2023 Iowa Legislative Session - Week 5 Summary
State funding for Iowa’s K-12 public schools was increased by 3 percent on Tuesday when Governor Kim Reynolds signed Senate File 192 into law. The Senate passed the bill last week with a 34-15 vote, and the House passed the bill on Tuesday morning with a 59-40 vote.
With the new law, the state will see an increase of $222 per student, resulting in per-pupil funding of $7,635. The increase will also provide funding for the Education Savings Account program. The Education Savings Account program provides funds equal to the amount of the State Supplemental Aid to be used by students on private school tuition and other education costs.
Another priority of the Governor and Leadership cleared the Legislature Wednesday when both chambers passed a bill that caps noneconomic damages in medical malpractice lawsuits at $1 million for clinics and doctors and $2 million for hospitals. After a contentious debate, House File 161 passed the House with a vote of 54-46. The bill then passed the Senate with a vote of 29-20 and is headed to Governor Reynolds to be signed into law.
With medical malpractice tort reform through the Legislature, lawmakers now turn their attention to commercial vehicles and House File 201 and Senate File 228. These bills place a $1 million cap on noneconomic damages in lawsuits against the owner or operator of a commercial vehicle for incidents resulting in personal injury or death. In addition to setting a $1 million cap on noneconomic damages, the bills also address negligence claims against employer trucking companies for their employees’ harmful conduct when alternative claims for relief have been pled. Both bills have passed through their respective Committees and are now eligible for floor debate.
Senate File 181, which seeks to correct a state error related to residential property tax calculations continues to advance through the legislative process. On Monday, a subcommittee advanced the bill, with the House Ways and Means Committee approving the bill on Wednesday by a 19-6 vote. The bill seeks to fix a rollback rate error that would result in residential property owners paying more property tax than what was intended by a 2021 tax law change. To rectify the situation, Senate File 181 removes multi-residential properties from the calculation of the assessment limitation for 2022 residential property tax assessments which will result in less revenue at the local level.
Another property tax related bill, House File 1, advanced out of a House subcommittee meeting on Monday. The bill seeks to reduce the school foundation property tax levy to $4.90 per $1,000, limit the value of an assessment for property to 103% of the previous year, and make new bond requirements for schools, cities, and counties. Although the subcommittee moved the bill forward, it was made clear that further discussions will take place.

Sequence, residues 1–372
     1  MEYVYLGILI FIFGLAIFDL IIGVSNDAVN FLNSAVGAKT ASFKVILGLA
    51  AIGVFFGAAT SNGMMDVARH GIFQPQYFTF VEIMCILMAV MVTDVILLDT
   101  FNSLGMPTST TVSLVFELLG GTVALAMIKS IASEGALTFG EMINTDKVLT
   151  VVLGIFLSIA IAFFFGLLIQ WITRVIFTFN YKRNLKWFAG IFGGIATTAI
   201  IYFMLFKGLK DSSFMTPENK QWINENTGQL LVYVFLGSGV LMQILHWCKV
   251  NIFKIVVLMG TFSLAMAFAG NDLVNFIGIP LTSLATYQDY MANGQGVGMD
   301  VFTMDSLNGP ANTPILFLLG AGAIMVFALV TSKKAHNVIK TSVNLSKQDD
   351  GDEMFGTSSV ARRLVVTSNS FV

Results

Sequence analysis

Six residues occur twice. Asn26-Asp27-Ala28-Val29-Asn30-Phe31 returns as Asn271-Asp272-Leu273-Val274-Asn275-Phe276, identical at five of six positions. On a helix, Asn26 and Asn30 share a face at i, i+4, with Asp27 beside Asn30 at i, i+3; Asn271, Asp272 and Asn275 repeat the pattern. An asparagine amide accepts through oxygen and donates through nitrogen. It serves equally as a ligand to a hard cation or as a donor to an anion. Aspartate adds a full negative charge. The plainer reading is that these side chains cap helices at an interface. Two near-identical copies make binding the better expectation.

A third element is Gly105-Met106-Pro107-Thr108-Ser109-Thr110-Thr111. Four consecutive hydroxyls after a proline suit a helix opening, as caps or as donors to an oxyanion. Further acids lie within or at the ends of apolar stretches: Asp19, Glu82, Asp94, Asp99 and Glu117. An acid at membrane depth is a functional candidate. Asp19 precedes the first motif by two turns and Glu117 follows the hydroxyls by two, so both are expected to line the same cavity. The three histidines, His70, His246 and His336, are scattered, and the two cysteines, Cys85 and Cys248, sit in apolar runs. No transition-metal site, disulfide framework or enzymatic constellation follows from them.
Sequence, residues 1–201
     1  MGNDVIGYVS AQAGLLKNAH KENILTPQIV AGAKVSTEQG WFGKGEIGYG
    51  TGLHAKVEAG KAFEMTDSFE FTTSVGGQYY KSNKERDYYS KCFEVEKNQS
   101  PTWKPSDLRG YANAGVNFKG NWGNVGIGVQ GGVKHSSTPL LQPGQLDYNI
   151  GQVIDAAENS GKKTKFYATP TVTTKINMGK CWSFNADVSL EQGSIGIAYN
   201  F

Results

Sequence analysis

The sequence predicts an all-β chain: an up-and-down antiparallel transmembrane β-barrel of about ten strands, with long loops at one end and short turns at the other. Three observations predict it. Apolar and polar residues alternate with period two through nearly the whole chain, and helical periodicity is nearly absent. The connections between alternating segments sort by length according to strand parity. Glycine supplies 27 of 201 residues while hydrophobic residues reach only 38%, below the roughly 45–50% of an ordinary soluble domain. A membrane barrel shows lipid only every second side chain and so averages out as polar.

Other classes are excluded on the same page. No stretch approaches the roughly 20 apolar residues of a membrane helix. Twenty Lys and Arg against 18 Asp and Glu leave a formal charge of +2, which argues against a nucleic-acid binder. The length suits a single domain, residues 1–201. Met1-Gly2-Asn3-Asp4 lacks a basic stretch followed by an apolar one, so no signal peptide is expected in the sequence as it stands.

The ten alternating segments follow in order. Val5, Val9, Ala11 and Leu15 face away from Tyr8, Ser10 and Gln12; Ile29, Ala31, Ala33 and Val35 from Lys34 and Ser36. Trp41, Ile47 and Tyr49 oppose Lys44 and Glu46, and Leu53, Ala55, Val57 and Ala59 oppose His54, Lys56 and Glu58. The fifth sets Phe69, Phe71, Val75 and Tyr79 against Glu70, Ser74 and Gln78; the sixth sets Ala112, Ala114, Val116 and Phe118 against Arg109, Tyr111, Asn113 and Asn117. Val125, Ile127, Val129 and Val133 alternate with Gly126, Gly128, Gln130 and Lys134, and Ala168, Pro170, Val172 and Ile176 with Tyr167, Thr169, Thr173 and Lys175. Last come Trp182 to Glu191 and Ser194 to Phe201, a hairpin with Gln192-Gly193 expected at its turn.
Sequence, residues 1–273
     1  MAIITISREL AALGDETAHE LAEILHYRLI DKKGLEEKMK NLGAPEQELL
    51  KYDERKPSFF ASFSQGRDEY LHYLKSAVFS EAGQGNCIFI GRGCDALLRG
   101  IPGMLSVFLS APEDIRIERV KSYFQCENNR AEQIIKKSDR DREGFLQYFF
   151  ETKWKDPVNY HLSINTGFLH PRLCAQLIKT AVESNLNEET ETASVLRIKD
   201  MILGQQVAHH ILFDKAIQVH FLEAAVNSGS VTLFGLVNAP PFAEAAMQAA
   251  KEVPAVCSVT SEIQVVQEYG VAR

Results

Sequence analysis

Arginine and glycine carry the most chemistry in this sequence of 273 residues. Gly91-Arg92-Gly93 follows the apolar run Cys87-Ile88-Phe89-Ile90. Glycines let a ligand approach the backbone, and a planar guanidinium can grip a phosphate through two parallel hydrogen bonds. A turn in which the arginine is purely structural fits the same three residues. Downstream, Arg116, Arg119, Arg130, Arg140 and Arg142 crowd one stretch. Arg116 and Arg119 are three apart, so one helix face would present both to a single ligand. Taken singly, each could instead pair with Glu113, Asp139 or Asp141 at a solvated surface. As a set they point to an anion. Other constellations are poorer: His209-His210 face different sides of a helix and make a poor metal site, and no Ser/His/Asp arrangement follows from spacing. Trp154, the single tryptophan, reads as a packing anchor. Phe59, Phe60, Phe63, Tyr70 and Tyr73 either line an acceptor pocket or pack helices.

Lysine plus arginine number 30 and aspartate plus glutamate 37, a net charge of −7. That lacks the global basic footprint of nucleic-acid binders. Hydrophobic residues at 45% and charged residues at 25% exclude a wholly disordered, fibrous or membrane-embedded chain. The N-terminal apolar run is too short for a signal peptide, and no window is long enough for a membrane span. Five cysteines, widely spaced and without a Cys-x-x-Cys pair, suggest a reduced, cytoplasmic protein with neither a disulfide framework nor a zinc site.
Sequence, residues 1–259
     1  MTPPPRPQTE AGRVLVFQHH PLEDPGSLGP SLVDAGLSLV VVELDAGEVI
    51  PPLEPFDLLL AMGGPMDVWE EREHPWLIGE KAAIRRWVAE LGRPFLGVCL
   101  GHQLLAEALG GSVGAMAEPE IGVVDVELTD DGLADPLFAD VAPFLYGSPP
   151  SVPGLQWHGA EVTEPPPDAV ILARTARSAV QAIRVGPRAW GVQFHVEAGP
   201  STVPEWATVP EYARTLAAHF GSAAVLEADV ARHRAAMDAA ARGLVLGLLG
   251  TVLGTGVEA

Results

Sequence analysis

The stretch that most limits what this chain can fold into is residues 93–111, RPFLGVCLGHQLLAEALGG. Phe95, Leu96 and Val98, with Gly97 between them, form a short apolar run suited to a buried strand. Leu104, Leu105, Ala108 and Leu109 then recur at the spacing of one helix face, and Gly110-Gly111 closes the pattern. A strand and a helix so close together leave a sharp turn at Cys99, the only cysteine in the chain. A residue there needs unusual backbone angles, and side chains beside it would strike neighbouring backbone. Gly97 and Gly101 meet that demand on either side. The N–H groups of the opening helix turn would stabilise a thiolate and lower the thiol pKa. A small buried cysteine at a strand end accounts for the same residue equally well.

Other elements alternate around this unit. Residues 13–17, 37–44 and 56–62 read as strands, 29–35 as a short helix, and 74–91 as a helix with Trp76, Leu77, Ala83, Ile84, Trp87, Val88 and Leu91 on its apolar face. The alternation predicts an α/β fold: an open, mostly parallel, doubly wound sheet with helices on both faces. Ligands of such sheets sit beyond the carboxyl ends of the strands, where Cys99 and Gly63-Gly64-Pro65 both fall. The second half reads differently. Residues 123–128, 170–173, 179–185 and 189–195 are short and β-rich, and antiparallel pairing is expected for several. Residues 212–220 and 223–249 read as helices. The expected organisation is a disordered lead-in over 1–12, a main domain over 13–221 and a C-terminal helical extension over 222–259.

In the Know
Action took place this week on the Governor’s 1,568 page proposed state reorganization bills, House Study Bill 126 and Senate Study Bill 1123. The Governor's plan reduces the number of executive branch cabinet agencies from 37 to 16, eliminates up to 515 vacant positions, and is estimated to save around $214 million over the next four years.
As part of the Governor’s reasoning behind the realignment, the Governor cites statistics from states such as Arkansas, Mississippi, and Oklahoma, which all have a population and budget similar to Iowa’s, but only have 15 cabinet members. In addition, Iowa’s per capita expenditures exceed the expenditures of similar size and larger bordering states. For example, Iowa’s cost per capita is about $2,000 more than that of Illinois, which has nearly four times Iowa’s population.
Highlights of the Proposal include:
- The Department of Inspections and Appeals is renamed the Department of Inspections, Appeals and Licensing and licensing functions will be moved to the new Department.
- Community Based Corrections is moved under the Department of Corrections.
- The Departments of Public Health, Aging, and Human Rights are folded into the Department of Health and Human Services.
- The Iowa Lottery and the Alcoholic Beverages Division are moved to the Department of Revenue.
- A new Iowa Department of Insurance and Financial Services will add the Iowa Insurance Division, Iowa Division of Banking, and the Iowa Division of Credit Unions.
- Iowa Utilities Board would be removed as a division of the Department of Commerce and function as a separate entity.
- The Board of Education Examiners and other education-related services are aligned within the Department of Education.
BrownWinick Government Relations
To view additional summaries from the 2023 Iowa Legislative Session or to learn more about BrownWinick’s Government Relations Team, visit our Lobbying and Public Policy team page.